Traveling as a broad
RILEY CHERVINSKI, ARTS COLUMNIST
Last week, a friend invited me into a closed Facebook group. Not one for annoying notifications and constant chatter, I hovered my cursor over the ‘leave group’ button.
But something made me stay, and I’m glad I did. The group is called Badass Solo Female Travelers (BSFT), and it’s filled with almost 500 women from around the world who are exactly that.
The group is meant to create a network for solo female travelers to share travel tips, compare routes taken and inspire one another to keep exploring.
No boys allowed.
I’m a proud member of the group, and it’s the only one I’ve ever stayed a part of. Although I haven’t traveled in a while, it’s inspiring to read about brave women embarking on journeys in places like Ecuador, Riyahd and Mumbai — especially while I freeze in -30C temperatures and chisel snow off my car with a credit card.
It also shows a little faith. When my Twitter feed is littered with breaking news of protests and acts of terrorism, it’s easy to be scared of the world. Just this month there were bombings in Jakarta and Istanbul and gunmen attacked a luxury hotel in Burkina Faso.
But in the BSFT group, there is no fear. Only excitement.
The group feels like an appropriate representation of our time. Gap years are becoming more and more popular. You’re likely to see young women strapping on backpacks rather than aprons and carrying maps rather than babies. Forget dusty atlases and travel agents — suddenly we’re in a time when a Facebook group is the most valuable resource for a traveler.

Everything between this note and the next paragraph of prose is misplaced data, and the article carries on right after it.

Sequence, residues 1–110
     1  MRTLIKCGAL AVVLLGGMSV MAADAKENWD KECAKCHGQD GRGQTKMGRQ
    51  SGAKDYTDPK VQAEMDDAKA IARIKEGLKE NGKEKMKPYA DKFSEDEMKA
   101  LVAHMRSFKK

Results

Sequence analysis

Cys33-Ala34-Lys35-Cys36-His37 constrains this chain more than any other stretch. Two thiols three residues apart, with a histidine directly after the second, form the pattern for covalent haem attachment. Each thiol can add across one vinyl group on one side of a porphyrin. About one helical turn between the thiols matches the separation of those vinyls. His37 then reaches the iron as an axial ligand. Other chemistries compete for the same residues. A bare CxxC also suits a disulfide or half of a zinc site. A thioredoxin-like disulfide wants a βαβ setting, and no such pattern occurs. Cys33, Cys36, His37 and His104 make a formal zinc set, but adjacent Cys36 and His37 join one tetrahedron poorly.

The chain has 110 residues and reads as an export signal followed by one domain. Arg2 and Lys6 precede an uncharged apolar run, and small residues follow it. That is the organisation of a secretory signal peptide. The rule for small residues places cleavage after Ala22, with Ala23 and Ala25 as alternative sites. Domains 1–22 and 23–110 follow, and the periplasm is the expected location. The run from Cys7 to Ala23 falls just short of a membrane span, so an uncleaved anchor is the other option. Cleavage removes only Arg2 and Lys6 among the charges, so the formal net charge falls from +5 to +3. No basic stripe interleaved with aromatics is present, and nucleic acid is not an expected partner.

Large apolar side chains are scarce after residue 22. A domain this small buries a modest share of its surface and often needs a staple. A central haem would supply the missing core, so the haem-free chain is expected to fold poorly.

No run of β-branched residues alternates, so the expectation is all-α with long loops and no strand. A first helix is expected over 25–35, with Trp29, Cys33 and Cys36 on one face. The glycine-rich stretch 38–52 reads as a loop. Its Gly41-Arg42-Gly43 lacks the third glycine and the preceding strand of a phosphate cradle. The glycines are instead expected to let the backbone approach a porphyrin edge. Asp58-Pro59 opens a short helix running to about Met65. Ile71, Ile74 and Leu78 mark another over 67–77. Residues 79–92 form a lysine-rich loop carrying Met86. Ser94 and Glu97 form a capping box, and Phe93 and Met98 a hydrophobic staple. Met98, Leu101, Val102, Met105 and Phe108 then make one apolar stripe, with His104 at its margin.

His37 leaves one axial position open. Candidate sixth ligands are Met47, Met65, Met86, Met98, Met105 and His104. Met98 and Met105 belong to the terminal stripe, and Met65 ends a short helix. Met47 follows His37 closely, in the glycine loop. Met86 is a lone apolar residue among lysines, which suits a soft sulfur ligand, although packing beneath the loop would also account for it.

My aunt was a rare BSFT of the 70s. She set off to New Zealand at 23 years old and instead of exploring by plane, train or automobile, she bought a horse and rode it around the country.
Pretty badass, if you ask me.
She slept in barns, took back roads and saw a side of the country most people don’t get to. On one stretch of her journey, the back roads were flooded, and she was forced to travel along the highway on horseback. Cars whizzed past her on the wrong side of the road and the low groan of semi trucks spooked her horse. She said it was the longest four hours she’d ever spent.
I can’t help but think that my aunt would have appreciated the BSFT group on her journey years ago. And maybe someone could’ve given her a heads up about those back roads.
Riley Chervinski is a journalism student, soccer player
and reader of cringe-worthy chick-lit.
You can usually find her scrolling through Tumblr,
scoping out recipe blogs or laughing at her own jokes @rileychervinski.